On The Last Door: Season 2


I’ve been sitting on the second season of The Last Door for some time now, and I can’t really explain why. It was less an avoidance and more of a saving, like I wanted to make sure that I was in the right headspace to play it. I loaded it up on a whim and played it through in one long session, and I have a few thoughts.

[I wrote about the first season here, by the way.]

The Last Door has a longform plot, but since the game is episodic, that plot is kind of dropped from piece to piece. Some characters carry over, and the plotline carries it all together, but the game is fragmented in an interesting way. Imagine that most episodes of The Walking Dead game were 400 Days and you’re getting close to what The Last Door does.

The first season of the game ended on a cliffhanger. Our protagonist went missing, or went beyond the pale, and the second season is all about his doctor trying to find him. The fragmentation is important here because it keeps us from having access to too much knowledge. This is critical in horror, and it can oscillate in the thriller (Zodiac is an apex example here).

The cycle of The Last Door is based on finding something and having it snatched into the aether. There’s a lot of talk of Veils, of places beyond, and dream worlds (this ephemeral gesturing is something I am a fan of in my own work). But where my Epanalepsis differs is that I am always gesturing toward an outside–the places beyond are truly beyond the scope, scale, and environment of the game that I am making.

The Last Door Season 2 goes for it. They show you the world beyond in that Lovecraftian way, and they hold you down in that dreamspace logic for quite a long time. Wonderfully, the dreamspace logic that governs film, the novel, and basically all experienced media is perfectly suited to the adventure game. Nothing ever really makes sense in the genre, so having to pick up piano keys from a mirror universe to play for monstrous Beyond Beings makes as much sense as anything else. As I said on Twitter, these developers have clearly been in the adventure game headspace for a while, and it shows in a really positive way.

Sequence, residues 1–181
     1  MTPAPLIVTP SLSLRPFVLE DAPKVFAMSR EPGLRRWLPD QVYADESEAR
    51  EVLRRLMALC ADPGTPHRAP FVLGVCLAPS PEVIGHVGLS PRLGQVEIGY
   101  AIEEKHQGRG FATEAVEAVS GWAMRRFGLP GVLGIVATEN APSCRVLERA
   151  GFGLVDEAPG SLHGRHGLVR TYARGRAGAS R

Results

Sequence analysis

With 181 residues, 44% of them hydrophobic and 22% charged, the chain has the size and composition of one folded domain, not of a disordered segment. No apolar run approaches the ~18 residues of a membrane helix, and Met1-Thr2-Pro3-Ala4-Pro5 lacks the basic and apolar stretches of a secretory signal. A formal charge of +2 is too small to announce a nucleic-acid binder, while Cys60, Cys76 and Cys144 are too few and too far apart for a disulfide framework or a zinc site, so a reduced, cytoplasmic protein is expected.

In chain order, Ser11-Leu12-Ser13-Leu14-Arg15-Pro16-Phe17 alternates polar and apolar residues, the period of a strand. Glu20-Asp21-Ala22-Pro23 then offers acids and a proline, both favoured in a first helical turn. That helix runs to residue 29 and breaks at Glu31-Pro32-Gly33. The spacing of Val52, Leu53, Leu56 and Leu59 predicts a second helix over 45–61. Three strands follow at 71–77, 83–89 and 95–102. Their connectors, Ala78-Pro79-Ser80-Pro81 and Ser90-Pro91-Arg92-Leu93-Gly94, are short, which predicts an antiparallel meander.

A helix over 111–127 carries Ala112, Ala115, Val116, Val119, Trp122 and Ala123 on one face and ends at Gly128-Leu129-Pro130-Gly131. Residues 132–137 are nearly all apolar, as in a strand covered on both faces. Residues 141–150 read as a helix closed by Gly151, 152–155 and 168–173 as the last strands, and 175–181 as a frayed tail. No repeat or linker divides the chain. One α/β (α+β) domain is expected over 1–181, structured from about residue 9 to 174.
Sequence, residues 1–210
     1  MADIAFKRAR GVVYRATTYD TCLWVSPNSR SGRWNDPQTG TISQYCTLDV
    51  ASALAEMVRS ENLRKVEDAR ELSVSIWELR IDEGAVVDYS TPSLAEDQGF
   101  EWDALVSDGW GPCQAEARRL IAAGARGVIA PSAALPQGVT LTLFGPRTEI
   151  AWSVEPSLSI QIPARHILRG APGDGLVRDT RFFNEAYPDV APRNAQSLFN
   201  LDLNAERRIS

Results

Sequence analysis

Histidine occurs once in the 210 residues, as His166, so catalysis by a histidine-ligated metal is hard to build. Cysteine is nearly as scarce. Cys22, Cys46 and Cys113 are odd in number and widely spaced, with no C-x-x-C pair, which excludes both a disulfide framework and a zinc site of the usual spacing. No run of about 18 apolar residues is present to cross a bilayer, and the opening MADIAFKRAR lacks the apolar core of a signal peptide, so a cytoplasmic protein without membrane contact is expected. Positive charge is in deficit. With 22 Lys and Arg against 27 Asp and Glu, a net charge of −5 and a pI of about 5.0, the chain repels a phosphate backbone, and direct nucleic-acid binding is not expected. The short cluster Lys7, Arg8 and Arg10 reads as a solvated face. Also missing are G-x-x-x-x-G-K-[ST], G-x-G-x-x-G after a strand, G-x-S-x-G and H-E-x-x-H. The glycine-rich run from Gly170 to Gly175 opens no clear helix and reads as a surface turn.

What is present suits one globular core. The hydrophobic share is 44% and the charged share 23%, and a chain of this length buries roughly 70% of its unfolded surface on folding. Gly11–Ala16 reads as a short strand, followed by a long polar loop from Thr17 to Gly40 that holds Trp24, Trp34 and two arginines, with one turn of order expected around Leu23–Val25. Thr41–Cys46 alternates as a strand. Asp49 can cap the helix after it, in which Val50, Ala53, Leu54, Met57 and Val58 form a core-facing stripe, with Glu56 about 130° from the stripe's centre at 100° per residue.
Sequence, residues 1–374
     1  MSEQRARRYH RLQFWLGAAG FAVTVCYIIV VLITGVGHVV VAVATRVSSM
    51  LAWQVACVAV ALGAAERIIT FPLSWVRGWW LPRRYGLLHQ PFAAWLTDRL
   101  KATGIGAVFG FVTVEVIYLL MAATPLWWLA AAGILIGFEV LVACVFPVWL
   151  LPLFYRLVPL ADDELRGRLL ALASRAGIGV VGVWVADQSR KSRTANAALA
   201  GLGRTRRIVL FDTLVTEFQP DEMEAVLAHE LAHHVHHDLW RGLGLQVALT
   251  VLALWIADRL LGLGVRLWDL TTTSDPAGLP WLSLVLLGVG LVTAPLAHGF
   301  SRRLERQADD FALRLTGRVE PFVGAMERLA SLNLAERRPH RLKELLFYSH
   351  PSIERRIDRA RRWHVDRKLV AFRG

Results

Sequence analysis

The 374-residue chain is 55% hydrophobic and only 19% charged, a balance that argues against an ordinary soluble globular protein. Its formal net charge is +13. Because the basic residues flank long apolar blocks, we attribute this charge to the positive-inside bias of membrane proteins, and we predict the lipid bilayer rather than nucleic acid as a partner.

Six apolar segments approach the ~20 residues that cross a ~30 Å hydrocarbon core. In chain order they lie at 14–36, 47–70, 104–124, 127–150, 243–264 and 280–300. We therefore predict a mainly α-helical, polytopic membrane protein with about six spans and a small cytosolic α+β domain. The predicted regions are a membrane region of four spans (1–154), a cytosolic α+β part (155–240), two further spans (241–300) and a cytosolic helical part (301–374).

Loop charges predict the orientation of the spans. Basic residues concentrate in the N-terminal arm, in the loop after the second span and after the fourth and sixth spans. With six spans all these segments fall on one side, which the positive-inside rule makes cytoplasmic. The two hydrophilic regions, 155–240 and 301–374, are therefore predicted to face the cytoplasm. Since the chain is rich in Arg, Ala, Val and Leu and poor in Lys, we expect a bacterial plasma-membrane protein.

That fragmented narrative allows the end of the game to be this amazing stitching together process. Throughout both seasons of TLD I kept thinking “well, I guess this scene will be explained at some point” and I was basically wrong every time. The Last Door really trusts the player to keep up with some strange happenings, and those happenings are made even stranger if you pay attention to the “last time on…” bumpers between each episode that tell you information that would have been impossible to know when playing.

And this isn’t criticism. I have this real love of games that just give it all to you and let you do whatever you can with the information you have (look, my favorite novel is The Book of the New Sun, ok? I’m the person who commits).

The last episode of the two seasons does this amazing job of wrapping up several plotlines, showing the “locationless” scene spaces that dotted the rest of the games, and generally filling in the history that you knew was there but did not have access to. The developers really went for it here in order to make it a coherent, special experience at the end, and I appreciate the density of knots that they went for.


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